Dear Jon,

It’s true — you live in a place long enough, you develop proprietary feelings. When we lived in Des Moines (3 years) & then Sioux City (3 following years), Iowa, I hated it with a passion. You have to know the people for years before you can tell them a joke — they are descendants of strong Scandinavian stock & run the emotional gamut between woody & stony. We lived through a flooding of the water treatment plant (that left us & all of Des Moines) without water for 10 days. That was within 2 days of our arrival there. Then we survived one of the coldest winters on record. When the weather man (wearing a balaclava) threw some water on a nearby wall & it froze instantly while he cautioned everyone to stay indoors, for god’s sake! Got to say, I liked the highway system that cross-crossed the entire city & had convenient exits every 1/2 mile or so, plus the Skywalk downtown, where all the skyscrapers are connected by a series of tube-like walkways that also have stands selling stuff (they got the idea from Minneapolis, a gorgeous city with its own winter weather issues). I actually loved the brutal winters. Sioux City has a huge meat plant & when the wind blows a certain way, the city stinks like a three-day-old cow corpse (I’m guessing at the smell, but it’s very specific & turned me into a vegetarian for my first pregnancy).

When I mentioned the smell for the first (& only time) to a local, she lifted her head, sniffed the stinky breeze and said, after shrugging, “It smells like money.” She wasn’t wrong — the economy of the city depends on this plant. But there is also a railroad track that runs through the city, & it’s a busy one, so factor waiting time when going … anywhere. Plus the only time Sioux City is not butt-fuck ugly is the month of May. All the smart Jews escaped to nearby Omaha, Nebraska — there used to be three synagogues in town, but it was left with just one, & for Friday night services it had to contain all of us, Reform & Hasidim alike. The Hasidim are the ultra-orthodox, you can tell by the fact that the men look like escapees from 1900s Eastern Europe & so do the women (minus the class, in shapeless tops, skirts & kerchiefs), they’re in SC because of the kosher portion of the meat plant.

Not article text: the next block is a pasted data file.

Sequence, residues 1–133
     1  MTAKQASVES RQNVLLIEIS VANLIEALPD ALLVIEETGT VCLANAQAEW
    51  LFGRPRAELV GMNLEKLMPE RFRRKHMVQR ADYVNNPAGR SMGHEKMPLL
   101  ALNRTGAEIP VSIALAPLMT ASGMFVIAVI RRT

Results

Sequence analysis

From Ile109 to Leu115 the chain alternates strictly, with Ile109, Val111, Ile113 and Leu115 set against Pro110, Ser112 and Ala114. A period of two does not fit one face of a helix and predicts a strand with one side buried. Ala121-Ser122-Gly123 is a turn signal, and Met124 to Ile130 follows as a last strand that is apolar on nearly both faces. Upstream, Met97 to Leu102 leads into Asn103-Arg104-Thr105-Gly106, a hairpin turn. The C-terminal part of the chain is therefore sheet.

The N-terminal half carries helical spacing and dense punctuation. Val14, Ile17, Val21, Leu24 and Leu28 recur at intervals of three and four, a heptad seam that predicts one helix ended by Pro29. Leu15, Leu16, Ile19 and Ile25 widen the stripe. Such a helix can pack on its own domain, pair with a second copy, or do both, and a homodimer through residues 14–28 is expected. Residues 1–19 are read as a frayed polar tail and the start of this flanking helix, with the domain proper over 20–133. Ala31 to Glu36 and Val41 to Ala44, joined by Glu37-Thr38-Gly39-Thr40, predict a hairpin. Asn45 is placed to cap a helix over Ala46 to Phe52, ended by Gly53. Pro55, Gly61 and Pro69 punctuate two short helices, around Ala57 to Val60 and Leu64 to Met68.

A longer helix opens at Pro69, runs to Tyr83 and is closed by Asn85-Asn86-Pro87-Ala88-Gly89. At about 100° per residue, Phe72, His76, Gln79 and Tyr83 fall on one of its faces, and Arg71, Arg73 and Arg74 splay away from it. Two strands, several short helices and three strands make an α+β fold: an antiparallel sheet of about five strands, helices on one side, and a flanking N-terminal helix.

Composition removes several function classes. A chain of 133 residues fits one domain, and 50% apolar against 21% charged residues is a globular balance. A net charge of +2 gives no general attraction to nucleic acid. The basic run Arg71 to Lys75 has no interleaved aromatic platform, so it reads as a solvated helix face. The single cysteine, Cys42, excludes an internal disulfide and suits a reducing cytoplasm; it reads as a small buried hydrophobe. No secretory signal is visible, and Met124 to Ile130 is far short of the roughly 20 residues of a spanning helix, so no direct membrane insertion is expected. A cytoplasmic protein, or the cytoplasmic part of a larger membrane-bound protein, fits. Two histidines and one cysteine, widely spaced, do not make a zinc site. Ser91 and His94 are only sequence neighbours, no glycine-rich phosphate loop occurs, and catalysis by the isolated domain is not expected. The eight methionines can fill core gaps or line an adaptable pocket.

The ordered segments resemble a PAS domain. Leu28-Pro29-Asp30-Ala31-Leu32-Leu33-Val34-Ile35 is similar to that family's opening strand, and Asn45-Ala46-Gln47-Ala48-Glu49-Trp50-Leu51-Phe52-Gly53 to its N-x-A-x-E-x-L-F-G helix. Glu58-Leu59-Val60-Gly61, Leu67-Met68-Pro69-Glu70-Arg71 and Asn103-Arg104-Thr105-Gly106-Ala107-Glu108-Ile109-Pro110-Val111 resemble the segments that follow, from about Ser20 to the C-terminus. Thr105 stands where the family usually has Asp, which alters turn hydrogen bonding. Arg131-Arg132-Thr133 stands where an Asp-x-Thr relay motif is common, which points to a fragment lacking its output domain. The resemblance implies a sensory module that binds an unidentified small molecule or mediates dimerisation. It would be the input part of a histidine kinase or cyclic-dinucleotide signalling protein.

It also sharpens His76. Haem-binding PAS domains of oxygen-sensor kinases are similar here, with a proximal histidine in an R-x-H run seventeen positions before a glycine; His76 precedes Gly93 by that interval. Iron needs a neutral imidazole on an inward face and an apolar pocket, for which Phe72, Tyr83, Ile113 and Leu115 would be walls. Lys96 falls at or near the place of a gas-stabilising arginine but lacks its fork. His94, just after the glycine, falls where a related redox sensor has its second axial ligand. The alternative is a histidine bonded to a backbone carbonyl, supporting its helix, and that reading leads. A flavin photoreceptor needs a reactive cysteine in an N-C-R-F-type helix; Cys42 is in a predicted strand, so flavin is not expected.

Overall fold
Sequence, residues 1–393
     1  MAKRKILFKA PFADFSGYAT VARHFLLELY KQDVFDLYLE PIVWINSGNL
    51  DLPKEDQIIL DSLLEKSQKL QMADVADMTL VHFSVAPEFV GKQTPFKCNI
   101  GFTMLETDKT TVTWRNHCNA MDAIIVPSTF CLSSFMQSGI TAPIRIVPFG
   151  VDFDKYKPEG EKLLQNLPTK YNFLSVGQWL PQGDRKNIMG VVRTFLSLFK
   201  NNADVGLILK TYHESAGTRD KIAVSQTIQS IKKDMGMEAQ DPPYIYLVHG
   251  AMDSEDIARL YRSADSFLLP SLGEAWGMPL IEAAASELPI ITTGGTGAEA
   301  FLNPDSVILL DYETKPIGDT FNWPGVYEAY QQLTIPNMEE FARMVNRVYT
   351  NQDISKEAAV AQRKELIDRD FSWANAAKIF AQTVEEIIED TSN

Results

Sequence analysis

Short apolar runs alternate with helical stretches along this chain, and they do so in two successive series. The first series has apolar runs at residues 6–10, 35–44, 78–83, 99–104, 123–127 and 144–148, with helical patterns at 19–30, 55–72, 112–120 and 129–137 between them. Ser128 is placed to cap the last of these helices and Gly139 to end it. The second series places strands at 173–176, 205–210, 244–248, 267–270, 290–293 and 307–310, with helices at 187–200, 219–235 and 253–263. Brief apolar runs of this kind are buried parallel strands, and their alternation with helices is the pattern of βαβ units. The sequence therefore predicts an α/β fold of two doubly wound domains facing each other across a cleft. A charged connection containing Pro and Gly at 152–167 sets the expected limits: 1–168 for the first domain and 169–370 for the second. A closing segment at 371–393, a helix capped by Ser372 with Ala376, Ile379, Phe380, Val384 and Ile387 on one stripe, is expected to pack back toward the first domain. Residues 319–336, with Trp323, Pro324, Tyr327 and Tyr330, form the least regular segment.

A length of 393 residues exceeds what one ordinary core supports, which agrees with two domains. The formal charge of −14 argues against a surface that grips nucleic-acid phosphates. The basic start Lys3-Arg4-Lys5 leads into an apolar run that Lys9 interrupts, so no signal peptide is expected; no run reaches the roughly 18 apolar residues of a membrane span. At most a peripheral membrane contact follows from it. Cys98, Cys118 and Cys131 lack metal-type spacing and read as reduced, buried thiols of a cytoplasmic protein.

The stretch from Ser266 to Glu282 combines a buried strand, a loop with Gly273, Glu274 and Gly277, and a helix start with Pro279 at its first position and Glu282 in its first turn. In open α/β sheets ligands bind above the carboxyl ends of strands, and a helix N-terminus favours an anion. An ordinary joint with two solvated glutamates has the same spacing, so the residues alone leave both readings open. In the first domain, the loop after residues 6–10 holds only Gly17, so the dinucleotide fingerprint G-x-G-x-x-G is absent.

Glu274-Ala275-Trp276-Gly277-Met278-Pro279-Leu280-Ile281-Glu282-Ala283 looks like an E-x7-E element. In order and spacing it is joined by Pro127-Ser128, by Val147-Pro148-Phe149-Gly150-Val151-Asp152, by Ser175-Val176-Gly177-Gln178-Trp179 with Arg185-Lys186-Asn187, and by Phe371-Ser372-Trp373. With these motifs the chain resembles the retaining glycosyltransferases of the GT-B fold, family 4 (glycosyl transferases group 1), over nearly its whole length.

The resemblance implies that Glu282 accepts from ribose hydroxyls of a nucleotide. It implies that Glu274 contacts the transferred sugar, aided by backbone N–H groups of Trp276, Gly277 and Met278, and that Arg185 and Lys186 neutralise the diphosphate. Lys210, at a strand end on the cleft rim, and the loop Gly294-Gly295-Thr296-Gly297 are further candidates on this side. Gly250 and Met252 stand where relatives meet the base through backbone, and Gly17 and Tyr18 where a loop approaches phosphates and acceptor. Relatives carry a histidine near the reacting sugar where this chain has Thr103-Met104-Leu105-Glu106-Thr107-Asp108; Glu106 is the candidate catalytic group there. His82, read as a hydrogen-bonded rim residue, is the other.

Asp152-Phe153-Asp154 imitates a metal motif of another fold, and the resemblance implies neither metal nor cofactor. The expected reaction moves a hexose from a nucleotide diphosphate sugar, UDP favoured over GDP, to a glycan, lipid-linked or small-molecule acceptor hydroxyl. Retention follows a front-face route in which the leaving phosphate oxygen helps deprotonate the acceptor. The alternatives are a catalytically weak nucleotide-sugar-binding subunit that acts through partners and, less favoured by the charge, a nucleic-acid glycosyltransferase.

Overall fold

Just looked at the clock — I’ve been writing this longer than the original blog!

Jon, remember, we don’t actually live in the mountains, but about 30–45 minute drive to the foothills of them. Plus, right after I wrote you of the snow drought, it started dumping in the mountains. And dumping. Then dumping some more. Avalanches have closed the highways, trapping cars in their wake. Some of snow even made it across the Continental Divide into Denver! As I’m writing this, there is an actual blizzard outside. Schools are closed & even Jeff is coming home right now, instead of 4 hours from now (he might have converted to Judaism 8 years ago, but the Protestant work ethic is strong within that one)! This is the view from our bedroom window just now into the back yard. This started out as rain & became snow with 40–50 miles per hour gusts that make visibility for shit & lights flicker with each rattle of the windows. Ok, so the party is at our house, except the dogs are super overprotective & there is no way to get here.

Writer and storyteller, immigrant, wife, mom, knitter, collector of jokes, lover of cheap, sweet wine.

Writer and storyteller, immigrant, wife, mom, knitter, collector of jokes, lover of cheap, sweet wine.